It is very important for a believer to aspire to make others love God and His Messenger with an insatiable ambition. However, even if a man succeeds in becoming a means for making all hearts feel and appreciate the true spirit of the noble Prophet, he should see what he did as insufficient; he should not reduce the value of those good acts by seeking recognition in return for them. Even others’ appreciative remarks should not change his feelings and opinion with regards to this issue. Those who seek an opportunity to talk about their achievements and live with this feeling will not find the opportunity or time to detail what they really should. However, our care and concern should be only for God and His Messenger. We should see this as the greatest ideal and act upon it all the time. It is the right of God Almighty to be loved by people, whereas its realization is a duty and responsibility for the believers. One of the most dangerous factors for those who try to serve for this sake is trying to express and prove oneself by mentioning certain things one achieved. In fact, if others heedlessly praise a person’s ideas, suggestions, projects, and organizational or communicative skills, then the situation is more dangerous. When we cherish a worldly goal such as recognition by others, although it is possible to realize in this world, it reduces the reward and will bring a disappointment beyond description in the next one. For this reason, a true believer should see the issue from the perspective of the immensity of Divine Mercy, always seek God’s good pleasure, and never render their actions worthless by attaching them to simple expectations.
It is not a virtue for a person to memorize personal achievements and acts of goodness. There is a proverb that reflects this meaning: “Do a good deed and let it into sea; even if the fish do not appreciate it, the Creator will.”
When someone performs an act of goodness, it is possible to praise God and offer thanks to Him for making it possible for one to perform that good deed. That is a different issue. However, if someone mentions his or her achievements and good deeds in a boastful manner, it will cause them to lose the otherworldly rewards that would have accompanied their good deeds. Believers must act so sensitively with regards to this issue that when someone comes and mentions their good act, they should be able to say that they do not even remember that and not spare any place in their memory for it. If needed, they should make serious efforts to erase it from their memory.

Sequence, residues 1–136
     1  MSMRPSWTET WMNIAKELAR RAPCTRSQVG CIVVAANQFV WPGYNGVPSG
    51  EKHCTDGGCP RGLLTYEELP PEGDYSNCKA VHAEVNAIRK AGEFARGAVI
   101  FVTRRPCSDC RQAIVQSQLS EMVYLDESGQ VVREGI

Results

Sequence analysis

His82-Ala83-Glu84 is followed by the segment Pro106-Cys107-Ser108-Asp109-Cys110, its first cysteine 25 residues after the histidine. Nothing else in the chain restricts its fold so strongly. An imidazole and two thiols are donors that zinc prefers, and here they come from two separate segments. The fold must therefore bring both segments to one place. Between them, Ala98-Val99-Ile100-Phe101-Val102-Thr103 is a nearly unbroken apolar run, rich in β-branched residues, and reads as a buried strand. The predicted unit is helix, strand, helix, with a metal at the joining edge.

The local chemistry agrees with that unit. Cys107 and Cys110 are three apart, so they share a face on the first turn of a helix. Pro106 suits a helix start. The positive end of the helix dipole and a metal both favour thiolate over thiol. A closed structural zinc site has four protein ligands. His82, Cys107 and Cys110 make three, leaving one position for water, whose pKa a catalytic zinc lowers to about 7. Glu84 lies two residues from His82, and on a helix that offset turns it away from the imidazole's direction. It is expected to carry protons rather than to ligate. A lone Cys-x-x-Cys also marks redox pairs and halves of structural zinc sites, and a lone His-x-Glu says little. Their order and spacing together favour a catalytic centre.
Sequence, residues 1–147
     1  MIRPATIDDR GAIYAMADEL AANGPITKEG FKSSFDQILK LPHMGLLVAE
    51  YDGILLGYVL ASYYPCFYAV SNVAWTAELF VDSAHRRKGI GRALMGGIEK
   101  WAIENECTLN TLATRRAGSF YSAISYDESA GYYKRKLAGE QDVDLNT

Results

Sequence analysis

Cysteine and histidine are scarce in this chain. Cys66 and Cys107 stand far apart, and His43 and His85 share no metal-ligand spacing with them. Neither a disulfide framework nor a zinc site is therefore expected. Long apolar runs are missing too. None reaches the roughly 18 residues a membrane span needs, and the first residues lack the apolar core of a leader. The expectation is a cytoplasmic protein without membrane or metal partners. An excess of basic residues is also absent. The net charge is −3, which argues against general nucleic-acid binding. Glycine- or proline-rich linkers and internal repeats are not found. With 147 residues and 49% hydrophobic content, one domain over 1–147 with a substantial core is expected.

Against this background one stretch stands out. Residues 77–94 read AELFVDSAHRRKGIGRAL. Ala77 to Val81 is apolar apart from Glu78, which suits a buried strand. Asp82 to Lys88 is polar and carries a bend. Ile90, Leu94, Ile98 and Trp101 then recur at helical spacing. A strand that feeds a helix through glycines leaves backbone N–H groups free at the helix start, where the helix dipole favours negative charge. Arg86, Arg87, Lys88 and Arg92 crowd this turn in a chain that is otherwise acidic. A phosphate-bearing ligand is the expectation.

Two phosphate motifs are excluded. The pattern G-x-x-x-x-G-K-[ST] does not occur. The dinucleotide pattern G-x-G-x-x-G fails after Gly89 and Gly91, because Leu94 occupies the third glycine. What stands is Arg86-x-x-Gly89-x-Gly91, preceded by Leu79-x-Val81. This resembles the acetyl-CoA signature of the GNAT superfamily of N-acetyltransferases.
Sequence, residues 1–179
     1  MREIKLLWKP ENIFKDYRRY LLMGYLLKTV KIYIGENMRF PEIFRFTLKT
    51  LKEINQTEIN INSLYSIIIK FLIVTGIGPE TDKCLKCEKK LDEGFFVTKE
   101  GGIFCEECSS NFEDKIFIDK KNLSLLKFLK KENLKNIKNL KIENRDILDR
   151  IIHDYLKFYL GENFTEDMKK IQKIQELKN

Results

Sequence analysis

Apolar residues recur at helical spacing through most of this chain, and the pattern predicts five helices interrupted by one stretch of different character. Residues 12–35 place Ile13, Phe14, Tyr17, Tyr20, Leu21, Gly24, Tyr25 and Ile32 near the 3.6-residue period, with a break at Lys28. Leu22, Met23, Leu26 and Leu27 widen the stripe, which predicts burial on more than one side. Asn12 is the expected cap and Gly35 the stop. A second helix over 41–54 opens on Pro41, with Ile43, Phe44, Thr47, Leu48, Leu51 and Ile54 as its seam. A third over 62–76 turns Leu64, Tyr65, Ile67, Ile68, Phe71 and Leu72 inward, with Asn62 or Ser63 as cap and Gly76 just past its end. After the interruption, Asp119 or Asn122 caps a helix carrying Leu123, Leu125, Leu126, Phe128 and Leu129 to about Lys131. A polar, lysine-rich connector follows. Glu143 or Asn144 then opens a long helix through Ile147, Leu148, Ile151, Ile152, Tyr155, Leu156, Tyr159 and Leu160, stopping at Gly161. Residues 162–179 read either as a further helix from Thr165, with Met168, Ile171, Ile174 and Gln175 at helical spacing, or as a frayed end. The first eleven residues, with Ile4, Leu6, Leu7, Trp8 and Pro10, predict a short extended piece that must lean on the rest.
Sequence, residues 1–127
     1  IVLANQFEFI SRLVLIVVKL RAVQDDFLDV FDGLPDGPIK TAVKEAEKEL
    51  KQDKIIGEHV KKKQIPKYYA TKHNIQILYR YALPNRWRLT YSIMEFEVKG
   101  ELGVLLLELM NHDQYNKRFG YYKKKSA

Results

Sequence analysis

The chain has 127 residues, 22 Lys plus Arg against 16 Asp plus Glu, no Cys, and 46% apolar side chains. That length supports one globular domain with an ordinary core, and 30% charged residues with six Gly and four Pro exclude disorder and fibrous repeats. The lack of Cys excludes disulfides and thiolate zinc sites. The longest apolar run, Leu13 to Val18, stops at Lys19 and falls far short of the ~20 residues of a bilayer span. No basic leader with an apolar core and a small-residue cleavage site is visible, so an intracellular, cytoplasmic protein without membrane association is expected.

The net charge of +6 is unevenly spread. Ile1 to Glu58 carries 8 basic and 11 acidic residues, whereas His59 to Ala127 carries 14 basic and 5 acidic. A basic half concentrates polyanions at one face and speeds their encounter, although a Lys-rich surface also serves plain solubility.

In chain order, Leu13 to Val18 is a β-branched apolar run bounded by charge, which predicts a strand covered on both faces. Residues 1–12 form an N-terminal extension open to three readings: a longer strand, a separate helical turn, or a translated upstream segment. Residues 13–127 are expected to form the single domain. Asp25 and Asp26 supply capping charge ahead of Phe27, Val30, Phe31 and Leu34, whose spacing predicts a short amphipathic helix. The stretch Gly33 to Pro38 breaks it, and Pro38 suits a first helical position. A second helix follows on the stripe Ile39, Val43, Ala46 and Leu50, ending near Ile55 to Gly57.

The Greatest Shortcoming: Not Seeing One’s Own Shortcomings
Someone with sound belief should have a guilty conscience even about a single bad deed and feel remorse as if it was done yesterday, even if they committed it seventy years ago and asked forgiveness for it seventy thousand times. They must kneel in shame and keep asking for forgiveness from God. Perhaps the mistakes that existed in the mind and imagination will never be recorded in a person’s record of deeds; however, if a person commits a mistake even at such a level, he or she must feel ashamed, saying, “My God! How could I even think such unbecoming things before You… How could I allow such things to enter my imagination? What a disrespectful person I am!” In other words, a person should feel ashamed for the wrongs they commit. A person who acts in this manner will not lose anything. On the contrary, one who leads a life in this way will attain the reward of so much repentance by seeking forgiveness. The Messenger of God gave glad tidings to those whose record of deeds is rich in seeking forgiveness (istighfar). In one instance, he stated that he asked forgiveness from God at least seventy times a day, and another time, he said it was a hundred times a day. However, we already know that God Almighty did not let him commit the slightest wrong in his entire lifetime. The beloved Prophet, peace and blessing be upon him, was born innocent and always lived innocently. He led his life under the protective shade of Divine revelation. Despite this fact, he still asked for forgiveness seventy or a hundred times a day.
In conclusion, it is a great gain for a person to rise from bed at night with a guilty conscience about a single sin, shed tears about it, and say, “O God, I ask forgiveness a million times from You.” As for those who are dizzy from their achievements, which see themselves as free from guilt and live in the magical atmosphere of their own virtues, it is very difficult for them to turn toward God in humility and humbleness. It is only those who see themselves as criminals even for making the slightest wrong that turn toward God with complete sincerity, open up to Him and start imploring Him to forgive them. Therefore, a person that seeks appreciation from others is contemptible, whereas questioning oneself is a virtuous deed. May God include us among His fortunate servants who criticize themselves in the true sense!